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Lupus. 2015 Aug;24(9):918-26. doi: 10.1177/0961203314567749. Epub 2015 Feb 5.

Caregiving, dyadic quality of life and dyadic relationships in lupus.

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Rush University Medical Center, Chicago, IL, USA
Rush University Medical Center, Chicago, IL, USA.



Systemic lupus erythematosus (SLE) mostly affects young women, adversely affecting their quality of life (QOL). Caregivers may experience caregiver burden (CGB), and it may lower the quality of their relationship. Herein we studied caregiving and CGB and their effects on QOL and relationships in SLE.


We recruited 10 dyads from the Lupus Clinic. Data collected included demographics, CGB (CGB Scale, screen for CGB), QOL (SF-36) and the quality of the dyadic relationship (Dyadic Adjustment Scale (DAS)). We calculated correlation coefficients for associations between (i) CGB and (ii) dyadic QOL or DAS.


The mean (± SD) age of SLE patients was 35.2 (± 9) years and of caregivers was 37.3 (± 9.64) years. The mean (± SD, min-max) total CGB score was 9.1 (± 5.8, 0-19). The caregiver's QOL correlated strongly with some of the domains of the patient's QOL. The SLE-related CGB was associated with the caregiver's own QOL and their SLE partner's QOL. The dyadic DAS was linked to the patient's QOL.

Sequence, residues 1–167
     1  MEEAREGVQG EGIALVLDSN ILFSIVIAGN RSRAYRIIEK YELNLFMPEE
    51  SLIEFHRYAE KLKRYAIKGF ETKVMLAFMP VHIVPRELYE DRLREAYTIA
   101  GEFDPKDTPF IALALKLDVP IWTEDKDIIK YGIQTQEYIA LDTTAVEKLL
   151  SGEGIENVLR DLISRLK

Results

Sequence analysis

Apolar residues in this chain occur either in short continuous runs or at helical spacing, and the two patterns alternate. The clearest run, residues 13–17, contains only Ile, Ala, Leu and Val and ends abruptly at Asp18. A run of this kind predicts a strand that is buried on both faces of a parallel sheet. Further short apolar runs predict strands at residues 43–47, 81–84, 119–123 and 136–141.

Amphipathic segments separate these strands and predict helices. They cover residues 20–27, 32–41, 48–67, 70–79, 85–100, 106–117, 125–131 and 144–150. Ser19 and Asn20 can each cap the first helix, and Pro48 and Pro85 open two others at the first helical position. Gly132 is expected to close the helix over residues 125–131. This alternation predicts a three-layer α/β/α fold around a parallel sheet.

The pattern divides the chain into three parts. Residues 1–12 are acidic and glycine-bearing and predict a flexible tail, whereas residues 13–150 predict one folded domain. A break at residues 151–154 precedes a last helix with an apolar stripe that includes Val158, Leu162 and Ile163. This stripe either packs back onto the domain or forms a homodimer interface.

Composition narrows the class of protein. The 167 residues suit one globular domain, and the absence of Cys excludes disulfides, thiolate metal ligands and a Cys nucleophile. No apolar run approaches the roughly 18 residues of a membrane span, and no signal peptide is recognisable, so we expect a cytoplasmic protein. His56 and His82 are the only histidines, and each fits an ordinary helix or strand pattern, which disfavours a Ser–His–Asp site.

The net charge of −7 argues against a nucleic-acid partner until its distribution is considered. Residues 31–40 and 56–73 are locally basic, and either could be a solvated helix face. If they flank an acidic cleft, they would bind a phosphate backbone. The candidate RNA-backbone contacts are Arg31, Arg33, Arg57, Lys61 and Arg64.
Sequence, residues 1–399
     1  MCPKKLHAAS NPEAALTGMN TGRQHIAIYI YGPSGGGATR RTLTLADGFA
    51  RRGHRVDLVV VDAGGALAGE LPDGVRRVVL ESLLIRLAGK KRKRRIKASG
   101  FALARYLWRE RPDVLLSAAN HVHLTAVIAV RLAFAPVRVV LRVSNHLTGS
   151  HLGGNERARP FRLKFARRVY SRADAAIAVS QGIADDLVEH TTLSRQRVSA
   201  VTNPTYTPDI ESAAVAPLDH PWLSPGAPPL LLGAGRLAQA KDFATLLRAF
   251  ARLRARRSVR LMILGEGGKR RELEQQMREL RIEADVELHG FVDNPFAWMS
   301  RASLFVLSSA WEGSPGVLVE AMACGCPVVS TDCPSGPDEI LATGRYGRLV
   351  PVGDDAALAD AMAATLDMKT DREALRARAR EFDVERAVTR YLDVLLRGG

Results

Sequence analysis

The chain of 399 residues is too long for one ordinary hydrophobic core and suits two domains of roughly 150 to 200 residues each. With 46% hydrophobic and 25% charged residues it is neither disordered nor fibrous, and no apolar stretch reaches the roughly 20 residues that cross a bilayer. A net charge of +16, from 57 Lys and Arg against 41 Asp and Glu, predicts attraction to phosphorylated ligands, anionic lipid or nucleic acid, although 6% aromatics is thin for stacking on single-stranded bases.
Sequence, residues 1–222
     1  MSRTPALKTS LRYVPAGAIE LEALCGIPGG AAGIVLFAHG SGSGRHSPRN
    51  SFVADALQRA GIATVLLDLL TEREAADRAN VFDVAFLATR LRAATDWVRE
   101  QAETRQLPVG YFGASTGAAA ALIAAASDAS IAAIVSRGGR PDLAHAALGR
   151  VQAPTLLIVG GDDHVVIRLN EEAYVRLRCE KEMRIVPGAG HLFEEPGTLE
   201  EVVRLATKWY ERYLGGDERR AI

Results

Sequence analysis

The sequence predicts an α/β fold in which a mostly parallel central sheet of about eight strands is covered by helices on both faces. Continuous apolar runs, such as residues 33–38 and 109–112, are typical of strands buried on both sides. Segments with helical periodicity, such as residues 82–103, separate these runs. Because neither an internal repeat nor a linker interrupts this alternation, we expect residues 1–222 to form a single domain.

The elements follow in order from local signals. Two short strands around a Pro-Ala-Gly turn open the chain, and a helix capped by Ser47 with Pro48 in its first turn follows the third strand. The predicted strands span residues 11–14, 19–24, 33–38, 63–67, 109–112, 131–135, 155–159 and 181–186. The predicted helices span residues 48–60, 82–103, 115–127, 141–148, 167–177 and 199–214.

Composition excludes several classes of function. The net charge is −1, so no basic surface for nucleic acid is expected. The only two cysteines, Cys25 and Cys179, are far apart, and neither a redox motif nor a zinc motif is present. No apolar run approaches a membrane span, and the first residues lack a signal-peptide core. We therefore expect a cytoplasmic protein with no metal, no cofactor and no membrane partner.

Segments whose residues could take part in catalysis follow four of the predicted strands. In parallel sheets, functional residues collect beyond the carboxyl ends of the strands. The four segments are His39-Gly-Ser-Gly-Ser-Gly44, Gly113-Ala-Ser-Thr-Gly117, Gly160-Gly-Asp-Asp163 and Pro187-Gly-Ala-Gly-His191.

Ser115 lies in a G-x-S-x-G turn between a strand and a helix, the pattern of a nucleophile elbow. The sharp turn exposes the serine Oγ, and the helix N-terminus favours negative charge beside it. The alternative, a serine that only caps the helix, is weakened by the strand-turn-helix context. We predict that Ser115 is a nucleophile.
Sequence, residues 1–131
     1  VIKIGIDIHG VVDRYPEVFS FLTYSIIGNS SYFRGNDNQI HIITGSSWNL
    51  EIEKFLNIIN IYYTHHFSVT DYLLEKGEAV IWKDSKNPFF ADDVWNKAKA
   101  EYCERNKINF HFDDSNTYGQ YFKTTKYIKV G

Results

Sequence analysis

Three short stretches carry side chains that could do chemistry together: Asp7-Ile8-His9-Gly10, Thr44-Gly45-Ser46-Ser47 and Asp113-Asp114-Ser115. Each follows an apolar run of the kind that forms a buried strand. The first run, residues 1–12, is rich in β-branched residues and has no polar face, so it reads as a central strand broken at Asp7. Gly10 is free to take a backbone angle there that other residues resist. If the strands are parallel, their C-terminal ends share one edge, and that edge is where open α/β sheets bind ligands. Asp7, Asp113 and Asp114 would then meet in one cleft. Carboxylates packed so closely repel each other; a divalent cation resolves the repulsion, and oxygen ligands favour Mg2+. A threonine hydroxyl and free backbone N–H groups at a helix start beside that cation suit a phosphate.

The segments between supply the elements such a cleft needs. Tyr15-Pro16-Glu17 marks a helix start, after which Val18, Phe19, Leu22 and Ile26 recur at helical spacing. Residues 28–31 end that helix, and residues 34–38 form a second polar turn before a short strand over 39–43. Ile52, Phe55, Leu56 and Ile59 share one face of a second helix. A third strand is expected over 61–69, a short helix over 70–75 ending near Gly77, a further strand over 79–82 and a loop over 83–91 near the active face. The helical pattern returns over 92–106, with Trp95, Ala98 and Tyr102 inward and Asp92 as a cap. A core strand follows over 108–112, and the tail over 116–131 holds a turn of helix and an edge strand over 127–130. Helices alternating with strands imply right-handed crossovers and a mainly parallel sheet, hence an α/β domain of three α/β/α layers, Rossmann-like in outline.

Because (i) CGB in SLE is associated with the caregiver's own QOL and with their SLE partner's QOL, and because (ii) the dyadic DAS score is linked primarily to the patient's QOL, then to optimize patient health outcomes and to decrease CGB, focus should be not only on the patient but should include the dyadic unit.Significant findings: To optimize patient outcomes of SLE patients, focus should be on the dyadic unit. CGB in SLE is associated with the caregiver's own QOL and with the SLE partner's QOL, making it crucial to study this relationship in more detail.


Dyad; lupus caregiver burden; relationship health outcomes

[Indexed for MEDLINE]

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